Diana Bean knows it’s hard for people to understand why she loves being a neuroscience nurse. “It just makes me feel good that I can provide that kind of care for someone,” she explains.
As a neuroscience nurse at Indiana University Health Methodist Hospital for the past nine years, Diana has been helping people navigate the difficult road to recovery following brain or spinal cord injury with a compassion that stems from a deep understanding of what it’s like to be on the other side of the care. Her mother, who was also a nurse, was diagnosed with cancer when Diana was just a child. Diana remembers the tremendous support the nurses provided throughout her mother’s illness, saying, “It’s a personal thing for me. Modern medicine and technology is just miraculous and I want to be a part of it and give back.”
Being a neuroscience nurse is both difficult and rewarding, something Diana knows all too well. “It’s one of the hardest things I’ve ever done. I love working with these patients and at the same time you’re faced with your own mortality,” she says. Most people are in the unit for a long time, recovering from strokes and injuries, or receiving treatment for a brain tumor, multiple sclerosis, cerebral palsy or other conditions involving the brain or spine. “It takes a very strong person to be able to care for these types of patients, but that’s what neuroscience nursing is all about—the care and compassion,” says Diana.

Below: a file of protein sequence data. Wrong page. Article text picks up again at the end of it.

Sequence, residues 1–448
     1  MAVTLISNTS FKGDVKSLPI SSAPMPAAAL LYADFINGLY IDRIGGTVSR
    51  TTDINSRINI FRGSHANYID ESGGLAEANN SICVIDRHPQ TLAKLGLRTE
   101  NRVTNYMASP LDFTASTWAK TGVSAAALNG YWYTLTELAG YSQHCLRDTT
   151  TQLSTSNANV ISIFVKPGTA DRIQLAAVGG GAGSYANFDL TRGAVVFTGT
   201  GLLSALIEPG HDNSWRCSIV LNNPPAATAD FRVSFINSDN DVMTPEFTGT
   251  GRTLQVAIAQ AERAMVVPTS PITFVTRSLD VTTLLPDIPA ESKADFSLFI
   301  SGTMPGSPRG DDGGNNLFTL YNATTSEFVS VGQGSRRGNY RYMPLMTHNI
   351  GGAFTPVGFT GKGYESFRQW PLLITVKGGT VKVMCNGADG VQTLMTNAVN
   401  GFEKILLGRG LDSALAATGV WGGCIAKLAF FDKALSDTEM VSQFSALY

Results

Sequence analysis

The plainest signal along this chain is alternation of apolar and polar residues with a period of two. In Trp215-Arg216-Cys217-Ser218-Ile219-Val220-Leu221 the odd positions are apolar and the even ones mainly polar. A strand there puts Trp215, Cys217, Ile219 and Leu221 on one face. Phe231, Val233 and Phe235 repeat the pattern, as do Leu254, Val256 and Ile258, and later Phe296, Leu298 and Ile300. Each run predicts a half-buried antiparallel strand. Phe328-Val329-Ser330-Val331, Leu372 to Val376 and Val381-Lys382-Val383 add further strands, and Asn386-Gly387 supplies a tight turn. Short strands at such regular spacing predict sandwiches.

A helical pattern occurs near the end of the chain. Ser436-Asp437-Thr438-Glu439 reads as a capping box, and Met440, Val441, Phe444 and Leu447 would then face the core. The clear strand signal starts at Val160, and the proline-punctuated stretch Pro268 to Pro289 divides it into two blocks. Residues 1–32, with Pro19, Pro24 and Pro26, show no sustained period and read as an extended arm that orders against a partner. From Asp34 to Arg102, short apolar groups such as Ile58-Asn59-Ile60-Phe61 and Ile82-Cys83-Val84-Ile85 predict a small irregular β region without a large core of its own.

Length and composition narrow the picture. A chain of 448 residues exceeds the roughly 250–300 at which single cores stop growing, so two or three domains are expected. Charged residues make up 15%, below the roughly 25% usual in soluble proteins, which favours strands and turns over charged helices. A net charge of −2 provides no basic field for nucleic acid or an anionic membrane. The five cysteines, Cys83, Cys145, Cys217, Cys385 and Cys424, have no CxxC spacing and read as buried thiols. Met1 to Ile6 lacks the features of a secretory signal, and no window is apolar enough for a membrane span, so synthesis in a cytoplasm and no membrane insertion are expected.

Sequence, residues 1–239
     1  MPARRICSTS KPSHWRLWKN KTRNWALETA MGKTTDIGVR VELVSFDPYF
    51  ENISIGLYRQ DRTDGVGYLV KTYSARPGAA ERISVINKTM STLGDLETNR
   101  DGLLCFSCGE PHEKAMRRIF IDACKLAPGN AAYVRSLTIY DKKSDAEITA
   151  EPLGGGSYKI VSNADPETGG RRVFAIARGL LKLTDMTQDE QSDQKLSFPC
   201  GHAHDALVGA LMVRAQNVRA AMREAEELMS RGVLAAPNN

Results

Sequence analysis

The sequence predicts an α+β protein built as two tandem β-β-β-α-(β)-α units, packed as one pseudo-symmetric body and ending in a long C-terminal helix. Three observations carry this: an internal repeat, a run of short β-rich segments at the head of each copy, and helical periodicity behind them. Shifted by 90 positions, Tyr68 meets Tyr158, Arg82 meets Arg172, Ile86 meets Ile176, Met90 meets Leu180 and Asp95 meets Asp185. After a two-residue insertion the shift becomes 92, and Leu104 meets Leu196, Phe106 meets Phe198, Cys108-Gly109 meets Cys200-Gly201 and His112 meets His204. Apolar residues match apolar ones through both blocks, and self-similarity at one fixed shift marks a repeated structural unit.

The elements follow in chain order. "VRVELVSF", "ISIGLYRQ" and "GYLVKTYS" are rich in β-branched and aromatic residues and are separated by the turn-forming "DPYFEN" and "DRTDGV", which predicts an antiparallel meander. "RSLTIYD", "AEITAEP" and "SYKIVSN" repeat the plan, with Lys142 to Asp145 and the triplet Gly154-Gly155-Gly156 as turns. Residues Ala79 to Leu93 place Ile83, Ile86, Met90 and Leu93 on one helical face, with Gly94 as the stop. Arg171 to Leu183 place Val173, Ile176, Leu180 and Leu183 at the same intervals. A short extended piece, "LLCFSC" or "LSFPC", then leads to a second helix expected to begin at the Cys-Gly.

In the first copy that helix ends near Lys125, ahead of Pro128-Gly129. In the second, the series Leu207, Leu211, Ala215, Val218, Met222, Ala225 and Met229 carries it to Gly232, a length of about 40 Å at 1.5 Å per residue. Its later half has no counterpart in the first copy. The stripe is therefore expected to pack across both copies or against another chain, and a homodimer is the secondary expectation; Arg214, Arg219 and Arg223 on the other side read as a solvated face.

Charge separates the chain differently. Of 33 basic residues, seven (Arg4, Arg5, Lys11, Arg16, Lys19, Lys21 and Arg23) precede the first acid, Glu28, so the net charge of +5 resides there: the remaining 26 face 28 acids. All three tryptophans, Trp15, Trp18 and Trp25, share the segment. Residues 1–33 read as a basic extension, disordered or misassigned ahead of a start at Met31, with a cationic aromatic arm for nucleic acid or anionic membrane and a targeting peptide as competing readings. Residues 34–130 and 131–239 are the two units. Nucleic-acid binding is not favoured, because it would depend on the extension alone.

The neuroscience nurses at IU Health Methodist Hospital operate as a family, supporting one another through difficult and joyful times with patients, and teaching the newest members of their team through hands-on experience. “We are a very close family and we do everything we can to help each other out,” says Diana. “We see many good outcomes and patients who have touched our lives in one way or another. The strength of our patients is amazing. They’re so brave, and it’s what makes our job worthwhile.”
Diana’s favorite part of her job is being an advocate for her patients and helping them reach rehabilitation milestones. For example, helping a person who suffered a stroke—and was unable to speak or move—get to a point where they can walk and talk again. She enjoys working with her patients over time, getting to know them and their families, struggling with them and, ultimately, seeing them get better. “I feel the frustration with them and it’s very rewarding to see them go home,” she says.
It helps to work for one of the top neuroscience programs in the nation. At At IU Health Neuroscience, nurses and other staff receive ample continuing education. “The neuroscience program at IU Health provides a wonderful environment of learning and continuous professional growth,” says Diana. “Every time I walk through the door, I learn something new. For physicians, nurses and patients, it’s just a great environment.”